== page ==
India is not a Republic for all species
Lions, tigers and other beautiful creatures in the wild are not just national decorations.
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A giant filter coffee tumbler, white tigers, wild lions, forests, coffee plantations, human progress: the state and ministerial tableaux presented in India's 67th Republic Day parade ranged from colourful to fantastic, from beautiful to downright bizarre.
Mind-boggling or not, all tableaux have one thing in common each year: they showcase what defines the state/agency best. A lot of this is vitally regional symbolism: arts and craft (like Uttar Pradesh's rich zardosi showcased as a giant tableaux this year); a particularly fine custom (Bihar in the past has showcased a village that plants trees when girls are born); economic achievement (Kodagu's coffee production shown this year); and occurring with great regularity: wildlife. This year, while many states showcased forests, Gujarat presented lions; and Madhya Pradesh showed off white tigers.Madhya Pradesh tableaux showing white tiger on 67th Republic Day. [Screen grab from DD National.]
The fact that Madhya Pradesh showed its tigers as white, not golden, is an interesting choice, a choice tied to a statement the state is trying to make.Tigers are not normally white, and their colours vary from amber-orange to deep yellow. But regional exceptions - with more or less melanism - do exist. Thus, certain tigers in Odisha's Satkosia area are blacker than others, and many tigers from Madhya Pradesh's Rewa are a pale, bony white. Similar to Gujarat using the lion as badge of state honour - and an honour it refuses to share with any other Indian state-Madhya Pradesh is asserting its own "brand" of tigers.Gujarat tableaux showing Gir Lion on 67th Republic Day. [Screen grab from DD National.]
This leads us to an important issue. It is clear that wildlife is symbolically important; and it informs our citizenship.
If wildlife is part of the way we perceive our natural and regional pride, then a related question is: are wild animals citizens? As essential as they are to our nation's experience, could you think of a tiger as Mr Khan, or a lioness as Miss Gir?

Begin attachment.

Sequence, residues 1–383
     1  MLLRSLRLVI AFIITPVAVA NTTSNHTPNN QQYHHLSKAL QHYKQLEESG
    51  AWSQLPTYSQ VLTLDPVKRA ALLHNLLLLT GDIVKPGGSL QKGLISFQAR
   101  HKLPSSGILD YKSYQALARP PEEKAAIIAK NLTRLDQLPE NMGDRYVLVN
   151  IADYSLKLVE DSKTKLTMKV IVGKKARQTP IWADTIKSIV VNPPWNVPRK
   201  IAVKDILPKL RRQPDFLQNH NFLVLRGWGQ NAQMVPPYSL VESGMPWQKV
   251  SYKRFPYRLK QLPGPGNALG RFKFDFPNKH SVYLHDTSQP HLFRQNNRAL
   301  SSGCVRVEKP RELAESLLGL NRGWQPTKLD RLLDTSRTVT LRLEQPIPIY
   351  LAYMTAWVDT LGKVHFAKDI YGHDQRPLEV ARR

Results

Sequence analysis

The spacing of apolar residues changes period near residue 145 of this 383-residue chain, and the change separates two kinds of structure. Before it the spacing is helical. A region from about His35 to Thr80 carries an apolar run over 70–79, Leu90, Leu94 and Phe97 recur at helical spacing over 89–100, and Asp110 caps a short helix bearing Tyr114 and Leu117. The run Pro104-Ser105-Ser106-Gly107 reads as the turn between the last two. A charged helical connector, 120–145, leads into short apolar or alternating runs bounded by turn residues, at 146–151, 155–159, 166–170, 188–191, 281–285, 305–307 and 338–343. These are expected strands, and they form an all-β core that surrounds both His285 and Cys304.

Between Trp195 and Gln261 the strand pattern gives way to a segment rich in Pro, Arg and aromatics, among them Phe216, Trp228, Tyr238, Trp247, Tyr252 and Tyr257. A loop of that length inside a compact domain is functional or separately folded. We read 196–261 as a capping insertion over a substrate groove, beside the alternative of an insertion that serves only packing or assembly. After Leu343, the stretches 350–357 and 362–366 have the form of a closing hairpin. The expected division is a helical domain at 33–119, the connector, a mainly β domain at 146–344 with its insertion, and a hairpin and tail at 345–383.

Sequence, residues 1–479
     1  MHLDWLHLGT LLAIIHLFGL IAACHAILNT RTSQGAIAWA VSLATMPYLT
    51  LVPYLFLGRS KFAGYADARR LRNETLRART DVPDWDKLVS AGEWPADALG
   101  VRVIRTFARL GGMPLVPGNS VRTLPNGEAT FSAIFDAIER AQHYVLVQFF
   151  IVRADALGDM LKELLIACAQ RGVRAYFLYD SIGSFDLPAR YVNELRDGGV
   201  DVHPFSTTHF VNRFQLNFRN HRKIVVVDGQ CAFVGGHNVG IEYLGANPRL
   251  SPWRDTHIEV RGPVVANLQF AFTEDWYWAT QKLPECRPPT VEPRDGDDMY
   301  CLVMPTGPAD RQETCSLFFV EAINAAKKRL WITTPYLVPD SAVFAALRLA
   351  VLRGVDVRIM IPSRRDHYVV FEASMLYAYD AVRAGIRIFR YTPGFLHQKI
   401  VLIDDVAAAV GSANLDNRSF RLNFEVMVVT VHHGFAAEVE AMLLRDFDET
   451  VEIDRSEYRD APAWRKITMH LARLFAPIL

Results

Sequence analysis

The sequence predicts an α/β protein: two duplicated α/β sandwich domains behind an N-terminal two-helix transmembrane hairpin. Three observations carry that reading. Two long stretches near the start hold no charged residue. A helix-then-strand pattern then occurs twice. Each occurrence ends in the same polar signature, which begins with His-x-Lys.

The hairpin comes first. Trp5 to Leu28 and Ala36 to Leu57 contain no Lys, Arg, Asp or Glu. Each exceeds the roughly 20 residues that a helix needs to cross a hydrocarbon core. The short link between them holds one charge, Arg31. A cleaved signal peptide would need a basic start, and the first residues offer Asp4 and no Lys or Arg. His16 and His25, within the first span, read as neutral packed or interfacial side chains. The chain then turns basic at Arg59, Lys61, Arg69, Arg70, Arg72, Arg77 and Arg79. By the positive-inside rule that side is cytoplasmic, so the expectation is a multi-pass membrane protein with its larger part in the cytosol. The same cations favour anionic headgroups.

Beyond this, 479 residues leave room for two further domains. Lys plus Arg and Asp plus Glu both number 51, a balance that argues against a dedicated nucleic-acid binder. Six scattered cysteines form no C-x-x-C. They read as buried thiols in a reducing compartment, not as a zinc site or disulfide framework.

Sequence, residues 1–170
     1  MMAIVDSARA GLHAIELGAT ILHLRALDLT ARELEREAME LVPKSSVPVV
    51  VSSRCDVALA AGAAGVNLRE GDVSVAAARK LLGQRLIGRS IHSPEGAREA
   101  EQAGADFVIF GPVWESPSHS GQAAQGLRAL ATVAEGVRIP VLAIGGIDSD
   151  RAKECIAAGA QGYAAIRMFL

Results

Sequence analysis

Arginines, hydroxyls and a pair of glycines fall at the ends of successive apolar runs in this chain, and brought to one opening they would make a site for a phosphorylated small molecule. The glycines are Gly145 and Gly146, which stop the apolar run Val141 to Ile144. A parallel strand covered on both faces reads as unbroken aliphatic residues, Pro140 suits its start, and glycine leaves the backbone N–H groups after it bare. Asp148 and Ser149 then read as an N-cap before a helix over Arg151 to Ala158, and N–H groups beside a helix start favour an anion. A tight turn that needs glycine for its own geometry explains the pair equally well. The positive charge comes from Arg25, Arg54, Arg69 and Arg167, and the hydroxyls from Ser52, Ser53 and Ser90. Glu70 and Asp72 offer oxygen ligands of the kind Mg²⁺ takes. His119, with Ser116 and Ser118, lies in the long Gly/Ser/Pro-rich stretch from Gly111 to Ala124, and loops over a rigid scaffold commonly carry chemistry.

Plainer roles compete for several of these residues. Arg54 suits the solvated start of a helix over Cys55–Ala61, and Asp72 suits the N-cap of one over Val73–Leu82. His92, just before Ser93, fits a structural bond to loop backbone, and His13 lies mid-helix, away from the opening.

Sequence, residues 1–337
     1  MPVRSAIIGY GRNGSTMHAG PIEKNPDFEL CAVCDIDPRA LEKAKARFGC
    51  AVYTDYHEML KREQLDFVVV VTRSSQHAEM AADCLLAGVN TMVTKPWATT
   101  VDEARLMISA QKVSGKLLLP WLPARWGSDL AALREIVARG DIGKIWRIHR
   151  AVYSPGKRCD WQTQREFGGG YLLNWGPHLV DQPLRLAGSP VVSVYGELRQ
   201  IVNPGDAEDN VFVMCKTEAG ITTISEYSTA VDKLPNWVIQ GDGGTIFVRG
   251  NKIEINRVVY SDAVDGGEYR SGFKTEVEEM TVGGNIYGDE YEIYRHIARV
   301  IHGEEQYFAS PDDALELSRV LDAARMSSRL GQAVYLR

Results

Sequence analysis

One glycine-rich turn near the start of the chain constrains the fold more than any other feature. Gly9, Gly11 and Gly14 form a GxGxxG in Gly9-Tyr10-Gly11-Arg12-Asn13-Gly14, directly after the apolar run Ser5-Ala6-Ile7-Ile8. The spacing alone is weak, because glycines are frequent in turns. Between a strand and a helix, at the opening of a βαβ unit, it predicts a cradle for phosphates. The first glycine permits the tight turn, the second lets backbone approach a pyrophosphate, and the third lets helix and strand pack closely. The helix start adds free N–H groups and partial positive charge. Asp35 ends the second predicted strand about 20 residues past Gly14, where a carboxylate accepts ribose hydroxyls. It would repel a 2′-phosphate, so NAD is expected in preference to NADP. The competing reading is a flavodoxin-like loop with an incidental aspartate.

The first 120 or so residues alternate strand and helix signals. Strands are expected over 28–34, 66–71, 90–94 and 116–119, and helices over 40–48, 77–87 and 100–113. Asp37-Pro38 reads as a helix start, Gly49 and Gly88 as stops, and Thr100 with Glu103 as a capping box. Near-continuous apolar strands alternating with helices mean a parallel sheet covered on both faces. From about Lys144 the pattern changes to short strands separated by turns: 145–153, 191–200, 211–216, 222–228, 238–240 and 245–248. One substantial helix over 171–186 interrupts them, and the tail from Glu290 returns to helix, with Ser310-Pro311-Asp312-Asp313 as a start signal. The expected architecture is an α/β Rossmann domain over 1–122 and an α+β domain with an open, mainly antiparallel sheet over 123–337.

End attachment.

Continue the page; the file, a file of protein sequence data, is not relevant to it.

And then: do animals have citizen-based rights?
The courts have been trying to answer, at least partly, this second question. The Gujarat High Court has said that birds have the "Right to Fly" and thus should not be kept in cages. Similarly, this year, Supreme Court decreed that Jallikattu entailed cruelty to bulls and has put an interim ban on the practice. In 2013, the Supreme Court in its "Lion judgment", said that we need to act in the best interest of species, particularly endangered species.
Thus, at least according to the courts and certain laws, wildlife appears to have rights; this implies they could also have some sort of recognition or allied citizenship. Perhaps then, tigers and lions are akin to second-class subjects, catered to when human needs are not so pressing. But like other human disadvantaged groups, not all animals are equal.
Many are more threatened or fragile than others; they need special attention, conservation action, and budgetary outlays. The Red List of species, which identifies critically endangered, threatened and vulnerable species is the basis of action on many wild species. The Red List for wild speciesflags off which "subjects" or "citizens" need more action than others, some requiring affirmative action and creation of new protection regimes, others getting by without much help.Animals' rights can't be neglected any longer at the altar of human-centric development.
But within this understanding, a huge stumbling block is vision.
Most vitally, the manner in which development and wildlife is consistently positioned is antagonistic. "Development" and "wildlife" are pitted, teeth gritted, against each other. A case in point is the Supreme Court's recent observation that roads are more important than tigers (the case was regarding the widening of National Highway 7 through the Pench-Kanha tiger reserve corridors). There are scores of other examples, wherein environmentalism - even if while voicing clearly, the ecological needs of an animal - is shown as obstructionist and downright stupid in much of public decision-making.
Whether animals are citizens, or even second-class citizens, is a matter of further understanding. Perhaps it is even a question that is only rhetorical. But in reality, we need to stop pitting wildlife against development, as our overarching understanding. Instead of assuming hostile, antagonistic positions, we need answers that are case-specific.
Animals do not ask for charters of independence, voting rights, or parliamentary representation. Tigers are too otherworldly and cool for that, even if they do end up as pulp under railway lines, and as prisoners in jail. While animals can't be expected to fulfil responsibilities against humans (even if granted rights), the opposite is true for us. An Argentinean court, for example, said chimpanzees are non-human persons. Within our complex democracy, the fact that animals have only occasional rights, could either be folly or fool-proof. Because ultimately, it is up to voting humans to act for the non-voting.
Whether we want to extend citizenship, or second-class citizenship, to animals or not; whether we laugh at this or will give it a think; at least we can agree on this: animals deserve more than the battle-lines that speak only and repeatedly from the "environment versus development" trenches.
In short, a tiger or lioness deserve more than being decorations on tableaux.